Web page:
Vassalboro school officials explain budget proposal to school board

Vassalboro Community School (contributed photo)

by Mary Grow

Vassalboro school officials – primarily Superintendent Alan Pfeiffer, Principal Ira Michaud, and Special Education Director Tanya Thibeau – led school board members through the proposed 2023-24 budget at a March 29 workshop meeting.

Board members raised some questions during the workshop and were encouraged to send more as they reviewed the figures and explanations. The board is scheduled to meet again at 5:30 p.m. Thursday, April 6, at Vassalboro Community School (VCS), before a joint meeting with budget committee and select board members at 7 p.m.

As of March 29, the proposed 2023-24 school budget was a little over $9 million, with state and school revenues providing more than $5 million and the remaining almost $4 million requested from local taxes.

Pfeiffer shared two pieces of good news. Vassalboro’s state allocation went up by about $115,000 when state education officials recalculated, he said; and the increase in insurance, budgeted at 10 percent, will be no more than six percent (a saving of at least $44,000 from the March 29 total; final figures are due April 7).

The superintendent said the school budget has not increased substantially in four years, despite increasing costs, and warned that the situation can’t last forever. Unlike many others, Vassalboro school department has no debt, he added.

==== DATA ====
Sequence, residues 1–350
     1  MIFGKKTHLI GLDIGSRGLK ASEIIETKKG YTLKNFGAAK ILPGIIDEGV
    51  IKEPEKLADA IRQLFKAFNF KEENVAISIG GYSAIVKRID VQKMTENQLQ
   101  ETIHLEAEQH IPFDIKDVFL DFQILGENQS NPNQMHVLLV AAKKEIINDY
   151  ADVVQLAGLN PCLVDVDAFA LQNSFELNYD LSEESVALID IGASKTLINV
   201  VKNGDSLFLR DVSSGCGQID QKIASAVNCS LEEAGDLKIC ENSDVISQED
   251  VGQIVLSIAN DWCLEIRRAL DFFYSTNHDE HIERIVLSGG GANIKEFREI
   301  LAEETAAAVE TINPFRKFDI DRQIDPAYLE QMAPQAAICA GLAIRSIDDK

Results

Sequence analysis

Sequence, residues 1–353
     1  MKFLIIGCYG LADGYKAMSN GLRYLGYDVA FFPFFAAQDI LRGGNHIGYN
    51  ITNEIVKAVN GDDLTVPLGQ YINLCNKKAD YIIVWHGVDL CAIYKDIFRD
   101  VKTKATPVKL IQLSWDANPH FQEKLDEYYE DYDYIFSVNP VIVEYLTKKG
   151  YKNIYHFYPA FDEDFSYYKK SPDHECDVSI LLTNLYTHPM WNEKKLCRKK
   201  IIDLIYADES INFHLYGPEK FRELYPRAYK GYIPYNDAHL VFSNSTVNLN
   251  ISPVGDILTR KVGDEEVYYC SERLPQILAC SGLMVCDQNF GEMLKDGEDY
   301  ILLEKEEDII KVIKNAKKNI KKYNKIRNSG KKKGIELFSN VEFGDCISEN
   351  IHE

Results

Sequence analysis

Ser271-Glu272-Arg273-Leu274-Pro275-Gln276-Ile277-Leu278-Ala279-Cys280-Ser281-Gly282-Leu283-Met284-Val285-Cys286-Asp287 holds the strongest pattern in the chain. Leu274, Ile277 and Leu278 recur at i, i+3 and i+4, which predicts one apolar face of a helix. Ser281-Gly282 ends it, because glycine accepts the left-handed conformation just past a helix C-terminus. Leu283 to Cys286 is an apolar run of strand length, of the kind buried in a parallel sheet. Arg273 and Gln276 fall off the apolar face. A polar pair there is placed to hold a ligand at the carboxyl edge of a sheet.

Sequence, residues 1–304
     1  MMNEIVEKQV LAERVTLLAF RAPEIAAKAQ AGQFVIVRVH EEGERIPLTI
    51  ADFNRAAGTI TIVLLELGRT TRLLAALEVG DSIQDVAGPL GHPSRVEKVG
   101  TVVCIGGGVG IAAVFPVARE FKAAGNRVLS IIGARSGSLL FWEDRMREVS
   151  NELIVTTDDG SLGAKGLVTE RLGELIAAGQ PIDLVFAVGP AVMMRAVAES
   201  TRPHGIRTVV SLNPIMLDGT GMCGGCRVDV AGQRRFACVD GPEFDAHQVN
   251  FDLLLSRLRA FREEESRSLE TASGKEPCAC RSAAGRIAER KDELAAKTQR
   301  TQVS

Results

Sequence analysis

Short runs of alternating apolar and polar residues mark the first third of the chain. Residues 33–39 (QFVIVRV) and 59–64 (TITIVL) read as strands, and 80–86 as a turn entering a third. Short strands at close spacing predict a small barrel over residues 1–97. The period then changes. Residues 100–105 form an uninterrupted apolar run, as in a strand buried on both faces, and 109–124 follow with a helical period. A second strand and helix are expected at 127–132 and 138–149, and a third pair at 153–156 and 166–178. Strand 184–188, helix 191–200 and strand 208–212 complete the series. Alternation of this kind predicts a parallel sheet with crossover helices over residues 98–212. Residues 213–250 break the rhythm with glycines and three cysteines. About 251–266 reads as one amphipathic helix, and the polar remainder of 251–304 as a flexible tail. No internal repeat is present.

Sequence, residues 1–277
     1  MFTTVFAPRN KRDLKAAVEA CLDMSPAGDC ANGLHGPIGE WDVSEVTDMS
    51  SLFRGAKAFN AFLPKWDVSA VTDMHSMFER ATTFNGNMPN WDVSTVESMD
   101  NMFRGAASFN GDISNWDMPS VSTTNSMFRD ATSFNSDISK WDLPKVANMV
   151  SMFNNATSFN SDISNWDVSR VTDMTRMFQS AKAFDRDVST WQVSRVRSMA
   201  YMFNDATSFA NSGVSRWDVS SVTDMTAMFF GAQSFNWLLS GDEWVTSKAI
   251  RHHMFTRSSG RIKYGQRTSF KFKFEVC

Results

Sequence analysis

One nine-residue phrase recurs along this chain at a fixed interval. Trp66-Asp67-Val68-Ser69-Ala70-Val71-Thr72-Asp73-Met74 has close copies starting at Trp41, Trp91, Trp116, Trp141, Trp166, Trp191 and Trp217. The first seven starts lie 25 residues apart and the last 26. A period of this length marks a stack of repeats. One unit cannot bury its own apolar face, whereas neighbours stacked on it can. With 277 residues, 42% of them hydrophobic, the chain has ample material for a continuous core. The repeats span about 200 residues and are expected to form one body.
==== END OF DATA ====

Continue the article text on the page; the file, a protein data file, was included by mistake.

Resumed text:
Pfeiffer expressed appreciation to Finance Director Paula Pooler and her staff for many hours of work on the budgets for Vassalboro and its former partners, Waterville and Winslow. Vassalboro continues to save money by sharing staff with the other two towns.

Plans for 2023-24 include adding two VCS staff members. Pfeiffer and Michaud propose a second school counselor, and Thibeau recommends hiring an educational technician to work in the resource room with students who need extra help.

Pfeiffer made two points about staffing. First, he said, students are still dealing with effects of covid, and more than usual need individual attention. Second, special funds, like the 2020 federal Coronavirus Aid, Relief, and Economic Security (CARES) Act, are contributing; when CARES funding ends, board members will need to decide whether to add money to the budget or reduce services.

CARES-funded personnel are aware that their employment may end when the CARES program ends in 2025, he said.

Board members are already looking ahead to future needs. Director of Maintenance and Grounds Shelley Phillips summarized building work discussed at the March 2 board meeting: repointing and cleaning the exterior brickwork, replacing the roof over the gymnasium and the cafeteria, replacing curbing along driveways and parking lots and air-conditioning the third floor.

Board member Jessica Clark asked Michaud about his long-term plans. The principal promptly replied that he would like VCS to offer an alternative education program, for students who don’t do well in regular programs, especially older students (grades six through eight).

Alternative education programs are aimed at integrating formal education and job skills, and often include an outdoor or environmental component. The example Michaud gave was a course led by an arborist, who would teach students about trees and also show them why they need reading, writing and math skills to succeed in the profession.

After the April 6 budget discussion, the next regular Vassalboro school board meeting is scheduled for 6 p.m. Tuesday, April 11, at the school. It will be on the second Tuesday of the month, a week earlier than usual, because the week of April 17 is school vacation week.


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